Pizza is actually modern Italian for pie. The origin of the term is murky but is said to be derived from an Old Italian word meaning "a point," which later evolved to the Italian word pizzicare, meaning "to pinch or pluck." A Neapolitan dialect of the word first shows up in print in 1000 A.D. in the form of picea or piza, assumably referring to the way the hot pie is plucked from the oven.
Early forms of pizza were most likely what we call focaccia today. The tomato did not reach Italy until the 16th century, hence no tomato sauce for the pie we know as pizza. The addition of mozzarella cheese (initially made from buffalo milk) did not come about until the 19th century.
The standard tomato, basil, and mozzarella pizza is first credited to Raffaele Esposito of the Pizzeria di Pietro, who dedicated the creation to Queen Margherita in 1889. The colors nicely coincided with the colors of the Italian flag.
Italian immigrants brought pizza to the United States, but it was mostly confined to small areas of the Northeast. Once in America, the pizza stretched out to 18 inches in diameter or more. The first pizzeria opened in New York City in 1896 at 53-1/2 Spring Street. Yet pizza did not really gain popularity outside the Northeast until returning World War II servicemen returned from their tours in Italy with a hankering for the pizza they enjoyed in Naples.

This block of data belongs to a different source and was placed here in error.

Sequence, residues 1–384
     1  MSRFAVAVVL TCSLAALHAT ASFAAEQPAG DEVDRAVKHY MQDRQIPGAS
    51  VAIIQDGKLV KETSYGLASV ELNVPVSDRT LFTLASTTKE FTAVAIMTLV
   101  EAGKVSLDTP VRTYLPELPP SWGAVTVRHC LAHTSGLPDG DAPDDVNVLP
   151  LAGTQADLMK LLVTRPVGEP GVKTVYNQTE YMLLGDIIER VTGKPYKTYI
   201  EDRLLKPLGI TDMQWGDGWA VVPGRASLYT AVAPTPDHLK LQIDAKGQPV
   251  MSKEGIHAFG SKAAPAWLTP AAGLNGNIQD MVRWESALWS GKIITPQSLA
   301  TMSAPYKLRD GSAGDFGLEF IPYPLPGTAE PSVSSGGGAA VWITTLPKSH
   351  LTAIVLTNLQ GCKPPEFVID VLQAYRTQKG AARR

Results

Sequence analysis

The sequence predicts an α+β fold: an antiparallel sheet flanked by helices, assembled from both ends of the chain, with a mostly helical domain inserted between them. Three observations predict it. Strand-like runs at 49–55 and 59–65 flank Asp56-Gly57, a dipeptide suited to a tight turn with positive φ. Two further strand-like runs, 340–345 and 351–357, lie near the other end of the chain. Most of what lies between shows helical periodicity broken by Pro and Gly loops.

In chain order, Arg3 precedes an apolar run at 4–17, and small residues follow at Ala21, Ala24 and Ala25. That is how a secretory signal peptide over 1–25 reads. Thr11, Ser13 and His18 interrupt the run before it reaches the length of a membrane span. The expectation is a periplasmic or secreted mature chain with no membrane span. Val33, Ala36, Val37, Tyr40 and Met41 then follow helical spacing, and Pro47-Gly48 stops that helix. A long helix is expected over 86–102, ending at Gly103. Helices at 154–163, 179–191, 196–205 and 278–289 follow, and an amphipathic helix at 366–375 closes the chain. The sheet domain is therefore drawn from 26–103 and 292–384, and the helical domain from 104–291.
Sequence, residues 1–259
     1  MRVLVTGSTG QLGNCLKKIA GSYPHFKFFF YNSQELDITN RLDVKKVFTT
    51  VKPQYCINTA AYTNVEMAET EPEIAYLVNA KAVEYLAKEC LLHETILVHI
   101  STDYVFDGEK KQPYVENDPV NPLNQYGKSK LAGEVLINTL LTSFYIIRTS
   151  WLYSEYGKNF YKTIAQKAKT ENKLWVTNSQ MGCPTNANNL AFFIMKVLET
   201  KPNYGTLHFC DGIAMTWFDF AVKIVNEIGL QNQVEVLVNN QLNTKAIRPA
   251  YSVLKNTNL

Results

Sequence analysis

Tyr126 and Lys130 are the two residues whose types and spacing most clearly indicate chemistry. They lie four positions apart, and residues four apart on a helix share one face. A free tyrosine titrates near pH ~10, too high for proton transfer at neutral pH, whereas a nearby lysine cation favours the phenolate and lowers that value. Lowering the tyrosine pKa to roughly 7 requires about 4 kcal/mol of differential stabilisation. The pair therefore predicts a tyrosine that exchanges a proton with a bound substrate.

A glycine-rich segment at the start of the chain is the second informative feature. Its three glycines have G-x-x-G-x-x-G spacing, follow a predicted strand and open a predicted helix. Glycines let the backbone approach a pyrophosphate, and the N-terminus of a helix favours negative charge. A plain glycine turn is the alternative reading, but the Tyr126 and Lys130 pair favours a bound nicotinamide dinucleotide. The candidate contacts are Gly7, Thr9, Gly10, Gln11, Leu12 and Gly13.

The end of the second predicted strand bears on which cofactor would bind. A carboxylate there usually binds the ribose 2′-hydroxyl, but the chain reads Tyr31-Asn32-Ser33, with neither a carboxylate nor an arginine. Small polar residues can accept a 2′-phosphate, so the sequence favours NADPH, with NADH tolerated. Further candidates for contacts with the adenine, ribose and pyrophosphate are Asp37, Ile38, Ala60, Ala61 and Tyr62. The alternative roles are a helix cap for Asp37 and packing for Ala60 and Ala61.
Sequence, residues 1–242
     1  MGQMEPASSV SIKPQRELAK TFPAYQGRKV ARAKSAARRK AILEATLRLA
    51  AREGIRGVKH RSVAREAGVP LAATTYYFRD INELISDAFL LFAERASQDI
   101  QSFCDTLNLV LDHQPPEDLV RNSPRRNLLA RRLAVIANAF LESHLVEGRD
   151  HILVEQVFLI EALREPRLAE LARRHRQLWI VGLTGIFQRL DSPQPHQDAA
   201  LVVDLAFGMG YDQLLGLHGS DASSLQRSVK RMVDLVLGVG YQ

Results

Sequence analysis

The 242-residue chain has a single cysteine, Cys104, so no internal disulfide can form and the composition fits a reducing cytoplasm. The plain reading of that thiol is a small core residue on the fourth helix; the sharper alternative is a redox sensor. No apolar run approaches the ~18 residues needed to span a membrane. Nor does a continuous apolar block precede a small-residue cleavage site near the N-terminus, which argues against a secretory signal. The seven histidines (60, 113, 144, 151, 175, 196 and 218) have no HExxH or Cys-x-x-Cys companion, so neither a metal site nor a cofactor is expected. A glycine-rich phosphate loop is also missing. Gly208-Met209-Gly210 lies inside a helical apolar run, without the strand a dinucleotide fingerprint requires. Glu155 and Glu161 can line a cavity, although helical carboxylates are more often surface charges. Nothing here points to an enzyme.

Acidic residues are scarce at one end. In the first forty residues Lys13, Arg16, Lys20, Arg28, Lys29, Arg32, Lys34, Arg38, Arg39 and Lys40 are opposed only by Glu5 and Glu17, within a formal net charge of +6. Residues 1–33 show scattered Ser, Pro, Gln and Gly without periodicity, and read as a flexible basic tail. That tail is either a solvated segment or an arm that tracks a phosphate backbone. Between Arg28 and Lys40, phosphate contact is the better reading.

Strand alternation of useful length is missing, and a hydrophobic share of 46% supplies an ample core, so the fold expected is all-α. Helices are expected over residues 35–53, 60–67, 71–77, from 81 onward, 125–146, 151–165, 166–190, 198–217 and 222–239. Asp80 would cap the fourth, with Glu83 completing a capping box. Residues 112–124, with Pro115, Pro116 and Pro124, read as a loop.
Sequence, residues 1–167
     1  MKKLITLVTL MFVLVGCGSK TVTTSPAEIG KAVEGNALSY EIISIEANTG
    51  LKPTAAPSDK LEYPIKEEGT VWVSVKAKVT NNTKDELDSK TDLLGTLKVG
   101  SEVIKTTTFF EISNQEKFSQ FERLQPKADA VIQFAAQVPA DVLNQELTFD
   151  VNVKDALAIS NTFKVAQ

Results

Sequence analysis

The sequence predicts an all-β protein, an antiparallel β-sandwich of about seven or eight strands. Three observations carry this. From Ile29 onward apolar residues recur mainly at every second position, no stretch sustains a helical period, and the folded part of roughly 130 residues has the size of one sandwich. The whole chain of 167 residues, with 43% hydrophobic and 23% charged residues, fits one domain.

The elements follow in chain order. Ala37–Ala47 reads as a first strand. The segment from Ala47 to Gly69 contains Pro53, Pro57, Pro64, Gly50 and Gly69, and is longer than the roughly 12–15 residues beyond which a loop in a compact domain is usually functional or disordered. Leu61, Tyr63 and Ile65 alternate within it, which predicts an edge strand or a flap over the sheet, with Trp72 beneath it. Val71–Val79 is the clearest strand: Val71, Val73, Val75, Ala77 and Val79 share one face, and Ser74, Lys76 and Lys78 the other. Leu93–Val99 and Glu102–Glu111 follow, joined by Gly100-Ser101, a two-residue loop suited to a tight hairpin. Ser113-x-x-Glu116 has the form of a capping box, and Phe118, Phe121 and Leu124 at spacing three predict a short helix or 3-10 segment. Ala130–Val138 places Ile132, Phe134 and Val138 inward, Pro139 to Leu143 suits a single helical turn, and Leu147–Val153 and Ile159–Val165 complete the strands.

In the 1940's, sales of oregano increased by 5,200 percent over 8 years due to the surge in popularity of pizza and other Italian foods. In 1957, the Celentano Brothers marketed the first frozen pizzas.
Pizza is described as a flat pie made from a yeast dough topped with various cheeses, vegetables, meats, seasonings, and other ingredients. Nowadays, you will find many variations, including dessert pizzas.
The topping of choice by the majority is pepperoni, followed by Italian sausage and mushrooms. Anchovies are a hotly debated topping; you either love them or hate them.